Compare any two graphics cards:
GeForce GTX 650 vs Radeon HD 6670 (OEM) 1GB
IntroThe GeForce GTX 650 comes with a core clock frequency of 1058 MHz and a GDDR5 memory speed of 1250 MHz. It also uses a 128-bit bus, and makes use of a 28 nm design. It features 384 SPUs, 32 TAUs, and 16 ROPs.
Compare all that to the Radeon HD 6670 (OEM) 1GB, which comes with clock speeds of 800 MHz on the GPU, and 1000 MHz on the 1024 MB of GDDR5 memory. It features 480 SPUs as well as 24 TAUs and 8 Rasterization Operator Units.
(No game benchmarks for this combination yet.)
Power Usage and Theoretical Benchmarks
Power Consumption (Max TDP)
The GeForce GTX 650, in theory, should perform much faster than the Radeon HD 6670 (OEM) 1GB in general. (explain)
Texel RateThe GeForce GTX 650 is a lot (approximately 76%) faster with regards to AF than the Radeon HD 6670 (OEM) 1GB. (explain)
Pixel RateThe GeForce GTX 650 will be much (approximately 165%) faster with regards to AA than the Radeon HD 6670 (OEM) 1GB, and also should be capable of handling higher screen resolutions without slowing down too much. (explain)
Please note that the above 'benchmarks' are all just theoretical - the results were calculated based on the card's specifications, and real-world performance may (and probably will) vary at least a bit.
Please note that the price comparisons are based on search keywords - sometimes it might show cards with very similar names that are not exactly the same as the one chosen in the comparison. We do try to filter out the wrong results as best we can, though.
Memory Bandwidth: Memory bandwidth is the largest amount of data (measured in megabytes per second) that can be transferred across the external memory interface within a second. The number is worked out by multiplying the bus width by its memory clock speed. In the case of DDR memory, the result should be multiplied by 2 once again. If DDR5, multiply by 4 instead. The better the bandwidth is, the faster the card will be in general. It especially helps with anti-aliasing, HDR and higher screen resolutions.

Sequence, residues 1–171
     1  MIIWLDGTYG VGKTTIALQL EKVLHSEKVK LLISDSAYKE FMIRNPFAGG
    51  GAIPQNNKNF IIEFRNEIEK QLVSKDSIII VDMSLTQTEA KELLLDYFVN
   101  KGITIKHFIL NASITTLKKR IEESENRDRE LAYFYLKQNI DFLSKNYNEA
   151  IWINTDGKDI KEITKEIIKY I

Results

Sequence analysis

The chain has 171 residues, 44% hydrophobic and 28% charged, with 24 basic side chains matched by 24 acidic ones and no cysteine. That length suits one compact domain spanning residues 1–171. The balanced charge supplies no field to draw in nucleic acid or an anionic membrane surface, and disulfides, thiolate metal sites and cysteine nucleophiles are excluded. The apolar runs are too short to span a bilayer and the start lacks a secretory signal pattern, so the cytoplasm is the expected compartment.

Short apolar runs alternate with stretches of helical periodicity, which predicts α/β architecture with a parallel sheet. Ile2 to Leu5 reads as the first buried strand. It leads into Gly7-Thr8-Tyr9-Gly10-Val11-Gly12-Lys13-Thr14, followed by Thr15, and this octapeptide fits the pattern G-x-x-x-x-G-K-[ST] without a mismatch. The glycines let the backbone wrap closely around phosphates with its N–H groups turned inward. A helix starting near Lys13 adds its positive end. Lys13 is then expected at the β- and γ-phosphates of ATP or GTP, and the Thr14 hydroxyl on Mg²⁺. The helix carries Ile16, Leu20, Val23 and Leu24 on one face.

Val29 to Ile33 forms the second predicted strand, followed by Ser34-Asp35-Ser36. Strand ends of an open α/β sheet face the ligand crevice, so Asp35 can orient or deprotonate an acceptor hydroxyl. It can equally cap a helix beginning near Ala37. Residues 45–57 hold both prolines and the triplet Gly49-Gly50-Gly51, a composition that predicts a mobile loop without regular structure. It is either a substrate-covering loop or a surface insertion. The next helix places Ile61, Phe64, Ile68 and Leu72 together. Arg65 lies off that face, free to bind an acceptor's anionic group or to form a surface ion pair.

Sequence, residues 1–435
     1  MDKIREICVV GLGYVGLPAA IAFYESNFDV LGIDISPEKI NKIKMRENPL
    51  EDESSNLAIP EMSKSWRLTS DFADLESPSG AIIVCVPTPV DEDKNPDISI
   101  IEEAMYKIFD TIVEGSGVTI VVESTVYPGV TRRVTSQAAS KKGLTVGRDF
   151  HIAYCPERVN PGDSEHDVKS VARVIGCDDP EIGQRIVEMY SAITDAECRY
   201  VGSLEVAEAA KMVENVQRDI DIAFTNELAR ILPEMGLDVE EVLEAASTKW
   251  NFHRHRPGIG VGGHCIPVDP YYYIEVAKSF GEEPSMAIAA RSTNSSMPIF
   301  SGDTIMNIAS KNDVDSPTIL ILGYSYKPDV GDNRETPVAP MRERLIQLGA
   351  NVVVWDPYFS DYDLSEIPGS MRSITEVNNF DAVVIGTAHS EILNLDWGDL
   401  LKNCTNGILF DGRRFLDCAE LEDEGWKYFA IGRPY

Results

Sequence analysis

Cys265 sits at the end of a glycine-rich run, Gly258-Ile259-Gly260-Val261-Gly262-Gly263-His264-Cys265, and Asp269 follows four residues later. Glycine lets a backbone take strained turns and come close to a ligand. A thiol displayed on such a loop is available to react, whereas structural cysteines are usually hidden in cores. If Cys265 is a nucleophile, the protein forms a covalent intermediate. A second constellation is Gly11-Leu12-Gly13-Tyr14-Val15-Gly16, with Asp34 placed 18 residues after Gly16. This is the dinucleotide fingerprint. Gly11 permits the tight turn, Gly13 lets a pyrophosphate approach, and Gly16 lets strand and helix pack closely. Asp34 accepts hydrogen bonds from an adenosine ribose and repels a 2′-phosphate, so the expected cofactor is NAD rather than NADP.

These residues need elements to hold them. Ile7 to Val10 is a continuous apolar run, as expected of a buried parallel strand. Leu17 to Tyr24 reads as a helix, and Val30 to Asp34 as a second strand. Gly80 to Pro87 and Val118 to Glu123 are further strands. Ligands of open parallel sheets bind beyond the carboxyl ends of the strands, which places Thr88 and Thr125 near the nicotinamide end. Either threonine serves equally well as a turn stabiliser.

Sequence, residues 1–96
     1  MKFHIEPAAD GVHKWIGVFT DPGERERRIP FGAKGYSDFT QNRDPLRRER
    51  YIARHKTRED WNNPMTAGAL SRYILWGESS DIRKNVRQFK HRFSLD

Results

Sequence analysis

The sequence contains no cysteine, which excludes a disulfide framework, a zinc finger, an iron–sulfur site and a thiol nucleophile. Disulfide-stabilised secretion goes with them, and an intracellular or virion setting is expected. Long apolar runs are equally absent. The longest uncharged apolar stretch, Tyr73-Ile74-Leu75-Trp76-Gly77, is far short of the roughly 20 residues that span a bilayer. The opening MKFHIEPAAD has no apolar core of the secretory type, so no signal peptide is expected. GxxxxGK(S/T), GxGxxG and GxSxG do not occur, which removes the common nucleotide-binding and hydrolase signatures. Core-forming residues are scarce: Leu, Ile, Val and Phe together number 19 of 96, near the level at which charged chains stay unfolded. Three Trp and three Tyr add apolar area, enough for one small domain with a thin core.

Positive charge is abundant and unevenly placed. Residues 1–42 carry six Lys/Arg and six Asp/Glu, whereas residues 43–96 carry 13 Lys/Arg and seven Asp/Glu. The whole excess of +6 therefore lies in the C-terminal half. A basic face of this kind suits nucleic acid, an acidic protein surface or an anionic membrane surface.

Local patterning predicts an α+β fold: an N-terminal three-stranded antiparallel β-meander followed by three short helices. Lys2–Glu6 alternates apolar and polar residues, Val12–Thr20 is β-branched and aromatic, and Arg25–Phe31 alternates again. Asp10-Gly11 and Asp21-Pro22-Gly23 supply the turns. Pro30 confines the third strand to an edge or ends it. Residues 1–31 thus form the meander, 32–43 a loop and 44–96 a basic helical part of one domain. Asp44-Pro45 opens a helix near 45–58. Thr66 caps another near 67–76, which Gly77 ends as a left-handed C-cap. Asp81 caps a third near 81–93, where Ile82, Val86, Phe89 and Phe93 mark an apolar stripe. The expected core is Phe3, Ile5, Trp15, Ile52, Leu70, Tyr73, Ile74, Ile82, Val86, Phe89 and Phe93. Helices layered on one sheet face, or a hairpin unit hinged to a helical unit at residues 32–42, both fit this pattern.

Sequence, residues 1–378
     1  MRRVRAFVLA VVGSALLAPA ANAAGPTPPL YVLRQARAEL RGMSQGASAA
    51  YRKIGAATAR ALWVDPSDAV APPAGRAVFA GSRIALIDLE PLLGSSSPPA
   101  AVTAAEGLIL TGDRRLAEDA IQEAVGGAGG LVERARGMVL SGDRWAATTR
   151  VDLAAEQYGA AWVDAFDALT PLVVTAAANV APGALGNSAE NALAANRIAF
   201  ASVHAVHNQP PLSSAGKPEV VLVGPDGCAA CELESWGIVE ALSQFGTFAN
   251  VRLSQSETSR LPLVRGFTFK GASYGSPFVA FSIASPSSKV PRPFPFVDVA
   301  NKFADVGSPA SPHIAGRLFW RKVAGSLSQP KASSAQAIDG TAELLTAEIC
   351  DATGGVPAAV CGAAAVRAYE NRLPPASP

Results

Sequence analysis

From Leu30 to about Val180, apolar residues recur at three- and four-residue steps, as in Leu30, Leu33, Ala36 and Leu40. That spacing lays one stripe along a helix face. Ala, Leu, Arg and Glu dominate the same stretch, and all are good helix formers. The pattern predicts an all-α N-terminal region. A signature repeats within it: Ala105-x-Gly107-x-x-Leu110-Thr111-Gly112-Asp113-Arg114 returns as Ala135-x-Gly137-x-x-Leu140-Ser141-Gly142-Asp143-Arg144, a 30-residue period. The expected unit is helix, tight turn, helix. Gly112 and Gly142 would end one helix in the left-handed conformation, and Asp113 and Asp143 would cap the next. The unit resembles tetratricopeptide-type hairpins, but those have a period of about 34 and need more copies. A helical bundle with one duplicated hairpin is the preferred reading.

Texel Rate: Texel rate is the maximum amount of texture map elements (texels) that are processed in one second. This number is worked out by multiplying the total texture units by the core speed of the chip. The better this number, the better the graphics card will be at texture filtering (anisotropic filtering - AF). It is measured in millions of texels applied in one second.
Pixel Rate: Pixel rate is the maximum number of pixels the video card could possibly write to the local memory in a second - measured in millions of pixels per second. Pixel rate is worked out by multiplying the amount of Render Output Units by the the core clock speed. ROPs (Raster Operations Pipelines - also sometimes called Render Output Units) are responsible for outputting the pixels (image) to the screen. The actual pixel fill rate is also dependant on lots of other factors, especially the memory bandwidth - the lower the bandwidth is, the lower the potential to get to the maximum fill rate.